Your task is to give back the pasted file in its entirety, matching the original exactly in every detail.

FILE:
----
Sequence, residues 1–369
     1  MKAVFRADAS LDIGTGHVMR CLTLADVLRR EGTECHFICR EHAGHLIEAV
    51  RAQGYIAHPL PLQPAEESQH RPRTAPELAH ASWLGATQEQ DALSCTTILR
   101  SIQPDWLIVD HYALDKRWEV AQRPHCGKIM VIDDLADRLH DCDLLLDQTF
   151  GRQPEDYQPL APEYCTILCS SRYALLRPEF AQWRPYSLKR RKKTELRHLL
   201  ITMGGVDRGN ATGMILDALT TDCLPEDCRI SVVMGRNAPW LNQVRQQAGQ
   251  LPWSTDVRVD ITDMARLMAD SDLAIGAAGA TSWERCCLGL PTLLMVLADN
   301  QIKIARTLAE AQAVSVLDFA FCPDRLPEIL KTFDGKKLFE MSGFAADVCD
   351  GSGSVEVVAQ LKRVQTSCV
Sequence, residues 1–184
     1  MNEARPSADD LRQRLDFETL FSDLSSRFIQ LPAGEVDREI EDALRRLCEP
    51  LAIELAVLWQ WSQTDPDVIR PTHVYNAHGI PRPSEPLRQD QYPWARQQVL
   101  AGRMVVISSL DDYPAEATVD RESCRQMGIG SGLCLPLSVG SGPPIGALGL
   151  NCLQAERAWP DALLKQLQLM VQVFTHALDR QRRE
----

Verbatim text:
Sequence, residues 1–369
     1  MKAVFRADAS LDIGTGHVMR CLTLADVLRR EGTECHFICR EHAGHLIEAV
    51  RAQGYIAHPL PLQPAEESQH RPRTAPELAH ASWLGATQEQ DALSCTTILR
   101  SIQPDWLIVD HYALDKRWEV AQRPHCGKIM VIDDLADRLH DCDLLLDQTF
   151  GRQPEDYQPL APEYCTILCS SRYALLRPEF AQWRPYSLKR RKKTELRHLL
   201  ITMGGVDRGN ATGMILDALT TDCLPEDCRI SVVMGRNAPW LNQVRQQAGQ
   251  LPWSTDVRVD ITDMARLMAD SDLAIGAAGA TSWERCCLGL PTLLMVLADN
   301  QIKIARTLAE AQAVSVLDFA FCPDRLPEIL KTFDGKKLFE MSGFAADVCD
   351  GSGSVEVVAQ LKRVQTSCV
Sequence, residues 1–184
     1  MNEARPSADD LRQRLDFETL FSDLSSRFIQ LPAGEVDREI EDALRRLCEP
    51  LAIELAVLWQ WSQTDPDVIR PTHVYNAHGI PRPSEPLRQD QYPWARQQVL
   101  AGRMVVISSL DDYPAEATVD RESCRQMGIG SGLCLPLSVG SGPPIGALGL
   151  NCLQAERAWP DALLKQLQLM VQVFTHALDR QRRE